logic of discipline and cooperation for the sake of profit. Collective labor
passed easily into collective self-defense as seamen sought to protect themselves from harsh conditions, excessive work, and oppressive authority.”
2. Anti-authoritarianism—maybe best described by those most frightened by it: “When the authorities came into contact with the pirates, they were often shocked by their democratic tendencies. The Dutch governor of the stopover colony of Mauritius commented after meeting a pirate crew, ‘Every man has as much say as the captain and each man carries his own weapons in his blankets.’”
3. Egalitarianism—according to Rediker, “institutionalized aboard the pirate ship,” and explained as follows: “The seaman’s egalitarianism was of a piece with other aspects of his culture. It was an essential part of an emphasis on hospitality and cooperation, reciprocity and mutuality, and generosity over accumulation.”
The term brotherhood has been used extensively to describe the strong sense of loyalty, solidarity, and community among buccaneers and pirates.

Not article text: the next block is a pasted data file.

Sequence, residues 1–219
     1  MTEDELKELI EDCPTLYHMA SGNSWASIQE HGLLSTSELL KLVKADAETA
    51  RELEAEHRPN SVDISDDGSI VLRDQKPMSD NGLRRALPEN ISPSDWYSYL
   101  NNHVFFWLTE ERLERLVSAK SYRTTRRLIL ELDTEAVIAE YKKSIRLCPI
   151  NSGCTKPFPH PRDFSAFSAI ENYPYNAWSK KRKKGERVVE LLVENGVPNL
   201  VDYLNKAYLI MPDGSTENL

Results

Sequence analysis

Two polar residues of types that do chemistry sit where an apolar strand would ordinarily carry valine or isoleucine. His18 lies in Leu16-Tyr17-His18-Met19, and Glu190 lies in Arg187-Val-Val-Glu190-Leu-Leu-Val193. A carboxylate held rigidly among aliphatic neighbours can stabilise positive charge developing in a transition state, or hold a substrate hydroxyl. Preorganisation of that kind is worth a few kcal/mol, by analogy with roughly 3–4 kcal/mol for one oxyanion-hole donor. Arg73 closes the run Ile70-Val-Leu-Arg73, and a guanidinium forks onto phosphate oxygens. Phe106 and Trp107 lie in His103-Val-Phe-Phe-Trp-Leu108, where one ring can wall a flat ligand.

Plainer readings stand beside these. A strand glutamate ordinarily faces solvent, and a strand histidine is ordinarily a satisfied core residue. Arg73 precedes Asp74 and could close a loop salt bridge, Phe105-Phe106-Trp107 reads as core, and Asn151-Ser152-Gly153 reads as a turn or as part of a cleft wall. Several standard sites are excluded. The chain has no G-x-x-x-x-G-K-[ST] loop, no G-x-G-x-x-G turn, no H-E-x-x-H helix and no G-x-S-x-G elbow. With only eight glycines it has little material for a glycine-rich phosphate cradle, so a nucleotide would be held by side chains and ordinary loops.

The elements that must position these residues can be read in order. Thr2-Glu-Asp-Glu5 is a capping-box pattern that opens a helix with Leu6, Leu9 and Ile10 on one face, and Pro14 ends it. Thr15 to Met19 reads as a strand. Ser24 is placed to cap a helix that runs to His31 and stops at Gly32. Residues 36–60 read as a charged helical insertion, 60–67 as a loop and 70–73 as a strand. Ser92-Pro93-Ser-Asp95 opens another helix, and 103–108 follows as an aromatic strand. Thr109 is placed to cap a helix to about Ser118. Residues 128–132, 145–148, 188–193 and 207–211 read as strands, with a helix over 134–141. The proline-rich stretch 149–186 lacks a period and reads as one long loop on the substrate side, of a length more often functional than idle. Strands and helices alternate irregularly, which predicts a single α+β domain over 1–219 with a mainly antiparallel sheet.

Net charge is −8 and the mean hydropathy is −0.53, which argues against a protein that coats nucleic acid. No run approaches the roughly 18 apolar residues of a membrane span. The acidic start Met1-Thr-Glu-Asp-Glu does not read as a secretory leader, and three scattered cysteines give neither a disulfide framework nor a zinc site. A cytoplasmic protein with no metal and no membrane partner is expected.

The buccaneers have been called an “autarchic ‘Brotherhood’” or a “brotherhood of sea-sharks,” the golden age pirates an “outlaw brotherhood” or a “transnational brotherhood.” The problem with such appellations is that two troubling features are tied into almost all praises of brotherhood:
masculinity and exclusivity. Afer all, stories of extraordinary generosity and solidarity can also be told of boy scouts, right-wing fraternities, neo- Nazi gangs, Marines, or Hell’s Angels. The notion of standing by someone, “a favorite among pirates,” tops most virtue lists in such communities— and gives some plausibility to Cordingly and Falconer’s deriding description of the pirate articles as “a living example of ‘honour amongst thieves.’”